# PHAS3201 EM Theory Preliminaries (UCL) by ucaptd3

VIEWS: 24 PAGES: 5

• pg 1
```									             Electromagnetic Theory: PHAS3201, Winter 2008
Preliminaries
D. R. Bowler
david.bowler@ucl.ac.uk
http://www.cmmp.ucl.ac.uk/∼drb/teaching.html

1     Syllabus
The course can be split into three main areas: electric and magnetic ﬁelds which do not vary with time, and their
interaction with matter; Maxwell’s Equations and wave solutions for the ﬁelds; and the properties of time-varying
ﬁelds and their interaction with matter. For each section, the approximate number of lectures is given in square
brackets. The subsidiary numbers for each section give a rough breakdown of the material to be covered.

Static Fields and Matter
1.1   Introduction [1]
1. Mathematical tools. 2. Brief summary of results from PHAS2201, as needed in this course, including differen-
tial form of Gauss’ law and electrostatic potential V.

1.2   Macroscopic Fields [4]
1. Brief revision of capacitor and dielectric constant. 2. Polarisation P as electric dipole moment per unit volume,
free and polarisation charge densities - volume and surface. Displacement D as ﬁeld whose divergence is free
charge density; relative permittivity and electrical susceptibility. Energy density in electric ﬁeld, via capacitor.
3. Brief revision of Faraday, Ampere and Biot Savart laws. 4. Introduce magnetic vector potential A; B as curl
A, lack of uniqueness (c.f. V), Coulomb gauge. 5. Jm as curl M; magnetic intensity H as ﬁeld whose curl is
Jf . Relative permeability and magnetic susceptibility. 6. Boundary conditions on B and D from pillbox integral.
Continuity of lines of force. Boundary conditions on H and E from loop integral.

1.3   Atomic Mechanisms [4]
1. E-ﬁeld; pattern of electric dipole from V. Polarisation P as electric dipole moment per unit volume, free and
polarisation charge densities - volume and surface. 2. Field pattern of current loop (i.e. magnetic dipole), c.f.
electric dipole in far ﬁeld. A from current distribution 3. Magnetisation M as dipole moment per unit volume,
elementary current loops, free and magnetisation current densities - surface and volume. 4. Diamagnetic and
paramagnetic materials; brief microscopic explanations, current loops or intrinsic moments.

1.4   Ferromagnetism [3]
1. Intrinsic magnetic moments at atomic level. Qualitative description of short and long range forces, ordering
below transition temperature, mention of ferrimagnetic and antiferromagnetic. 2. Ferromagnetic domains, B
vs H plot, hysteresis, major and minor loops, normal magnetisation curve, saturation, scale of ferromagnetic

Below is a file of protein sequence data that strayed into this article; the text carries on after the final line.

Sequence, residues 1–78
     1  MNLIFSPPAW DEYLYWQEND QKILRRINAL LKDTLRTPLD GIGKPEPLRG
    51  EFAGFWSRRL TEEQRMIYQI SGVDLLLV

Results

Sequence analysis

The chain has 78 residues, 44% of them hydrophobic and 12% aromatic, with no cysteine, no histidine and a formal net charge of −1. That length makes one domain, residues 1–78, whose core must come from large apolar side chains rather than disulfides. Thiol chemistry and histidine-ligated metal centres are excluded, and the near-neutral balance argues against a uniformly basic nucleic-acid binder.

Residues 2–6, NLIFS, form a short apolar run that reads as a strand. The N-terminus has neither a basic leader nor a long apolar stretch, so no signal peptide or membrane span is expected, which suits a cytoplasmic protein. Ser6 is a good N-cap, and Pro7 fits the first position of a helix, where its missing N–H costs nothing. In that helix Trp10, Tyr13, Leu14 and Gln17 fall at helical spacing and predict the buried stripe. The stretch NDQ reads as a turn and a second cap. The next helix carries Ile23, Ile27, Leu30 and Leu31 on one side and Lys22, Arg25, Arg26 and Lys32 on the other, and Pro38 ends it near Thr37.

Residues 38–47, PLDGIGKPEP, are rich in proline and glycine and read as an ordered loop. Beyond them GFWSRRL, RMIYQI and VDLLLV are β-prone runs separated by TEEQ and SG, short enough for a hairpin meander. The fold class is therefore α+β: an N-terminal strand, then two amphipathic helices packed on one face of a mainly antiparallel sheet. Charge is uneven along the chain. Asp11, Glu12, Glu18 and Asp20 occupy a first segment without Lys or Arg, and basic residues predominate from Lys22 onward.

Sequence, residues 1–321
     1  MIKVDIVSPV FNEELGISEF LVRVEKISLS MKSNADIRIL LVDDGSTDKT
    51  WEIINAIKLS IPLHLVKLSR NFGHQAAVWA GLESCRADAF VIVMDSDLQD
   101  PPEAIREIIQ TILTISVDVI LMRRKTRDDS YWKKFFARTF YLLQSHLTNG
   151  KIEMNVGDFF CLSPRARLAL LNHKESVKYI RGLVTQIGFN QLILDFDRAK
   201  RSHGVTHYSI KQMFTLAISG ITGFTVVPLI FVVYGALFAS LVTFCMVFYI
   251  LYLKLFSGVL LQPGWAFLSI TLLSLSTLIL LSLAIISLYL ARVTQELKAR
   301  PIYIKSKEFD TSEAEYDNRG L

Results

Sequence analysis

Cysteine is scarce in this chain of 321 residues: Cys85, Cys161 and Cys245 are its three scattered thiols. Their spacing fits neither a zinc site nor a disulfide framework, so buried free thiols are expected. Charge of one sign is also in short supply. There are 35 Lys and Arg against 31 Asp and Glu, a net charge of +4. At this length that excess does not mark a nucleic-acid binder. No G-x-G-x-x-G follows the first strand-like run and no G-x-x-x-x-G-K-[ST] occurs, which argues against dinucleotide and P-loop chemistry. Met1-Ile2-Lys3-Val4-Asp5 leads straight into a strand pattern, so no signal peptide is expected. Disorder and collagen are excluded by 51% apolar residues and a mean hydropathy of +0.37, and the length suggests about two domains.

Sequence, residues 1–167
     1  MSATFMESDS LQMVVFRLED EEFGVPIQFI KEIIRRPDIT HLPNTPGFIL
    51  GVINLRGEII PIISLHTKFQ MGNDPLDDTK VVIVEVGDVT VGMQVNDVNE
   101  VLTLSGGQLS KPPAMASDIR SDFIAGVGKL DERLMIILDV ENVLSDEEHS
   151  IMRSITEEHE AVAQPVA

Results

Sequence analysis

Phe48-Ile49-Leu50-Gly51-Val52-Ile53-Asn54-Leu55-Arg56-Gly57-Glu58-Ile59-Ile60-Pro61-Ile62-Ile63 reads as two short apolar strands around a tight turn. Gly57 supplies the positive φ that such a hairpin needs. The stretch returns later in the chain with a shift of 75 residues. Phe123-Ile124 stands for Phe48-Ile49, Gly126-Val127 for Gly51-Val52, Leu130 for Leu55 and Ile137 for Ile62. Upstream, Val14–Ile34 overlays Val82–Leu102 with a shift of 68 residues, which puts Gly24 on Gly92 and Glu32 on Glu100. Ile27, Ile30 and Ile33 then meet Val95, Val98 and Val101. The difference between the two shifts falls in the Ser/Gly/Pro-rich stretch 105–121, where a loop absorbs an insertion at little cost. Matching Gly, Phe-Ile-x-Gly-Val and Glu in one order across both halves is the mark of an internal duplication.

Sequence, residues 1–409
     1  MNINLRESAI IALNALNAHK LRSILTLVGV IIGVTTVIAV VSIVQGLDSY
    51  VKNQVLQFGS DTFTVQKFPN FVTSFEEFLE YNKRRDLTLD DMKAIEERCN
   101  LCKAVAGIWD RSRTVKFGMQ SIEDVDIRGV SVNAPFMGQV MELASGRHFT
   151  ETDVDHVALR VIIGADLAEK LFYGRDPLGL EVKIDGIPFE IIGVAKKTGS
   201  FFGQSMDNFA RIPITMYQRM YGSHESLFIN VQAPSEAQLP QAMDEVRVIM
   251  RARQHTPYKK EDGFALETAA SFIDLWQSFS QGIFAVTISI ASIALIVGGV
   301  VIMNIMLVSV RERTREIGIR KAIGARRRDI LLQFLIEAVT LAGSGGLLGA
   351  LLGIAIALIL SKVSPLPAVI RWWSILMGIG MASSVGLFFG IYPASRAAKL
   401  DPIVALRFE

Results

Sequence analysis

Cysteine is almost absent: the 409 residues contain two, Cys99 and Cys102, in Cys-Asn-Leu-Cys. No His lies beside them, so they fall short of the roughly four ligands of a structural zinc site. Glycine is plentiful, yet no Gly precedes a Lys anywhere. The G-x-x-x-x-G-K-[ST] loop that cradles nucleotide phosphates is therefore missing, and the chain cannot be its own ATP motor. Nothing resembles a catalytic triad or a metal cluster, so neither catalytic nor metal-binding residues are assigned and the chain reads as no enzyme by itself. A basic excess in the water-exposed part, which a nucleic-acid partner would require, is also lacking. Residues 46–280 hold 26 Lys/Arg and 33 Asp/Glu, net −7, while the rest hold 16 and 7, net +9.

ampliﬁcation of B, remanence, coercivity. 3. B and H in inﬁnite solenoid compared to uniformly magnetised bar;
winding on inﬁnite bar, winding on toroid. Fluxmeter for B and H in toroid to show hysteresis loop. 4. Energy
density in magnetic ﬁeld, via inductor.

PHAS3201 Winter 2008                               Preliminaries                                                  1
PHAS3201: Electromagnetic Theory

Maxwell’s Equations: Wave Solutions
1.5      Maxwell’s equations and E.M. waves [4]
1. Displacement current from continuity equation; generalised Ampere law. 2. Maxwell’s equations in differential
and integral form. 3. Wave equations for E, D, B and H. Relation between ﬁeld vectors and propagation vector. 4.
Description of types of polarisation: linear, elliptical, circular, unpolarised, mixed.

Time-varying Fields and Matter
1.6      Reﬂection and refraction at a plane dielectric surface [3]
1. Refractive index. 2. Snell’s law and law of reﬂection, reﬂection and transmission coefﬁcients, Fresnel relations.
3. Brewster angle, critical angle, total internal reﬂection, mention of evanescent wave.

1.7      Waves in conducting media [2.5]
1. Poor and good conductors; skin depth, dispersion relation. 2. Reﬂection at metal surface. 3. Plasma frequency,
simple plasma dispersion relation, superluminal phase velocity.

1.8      Energy ﬂow and the Poynting vector [1.5]
1. Static energy density in electric and magnetic ﬁleds. Poynting’s theorem and the Poynting vector. 2. Pressure
due to e.m. waves.

1. Lorentz condition, retarded potentials, retarded time. 2. Hertzian dipole, far ﬁeld pattern of E and B, radiated
power.

1.10      Relativistic transformations of electromagnetic ﬁelds [2]
1. Revision of 4-vectors (r,t) and (p, E). Invariance of 4-vector dot product. 2. Continuity equation as 4-div of
(J,ρ); Lorentz condition as 4-div of (A,φ). Transformation of E and B ﬁelds.

2      Aims & Objectives
2.1      Prerequisites
Students taking this course should have taken PHAS2201: Electricity and Magnetism, or equivalent. The mathe-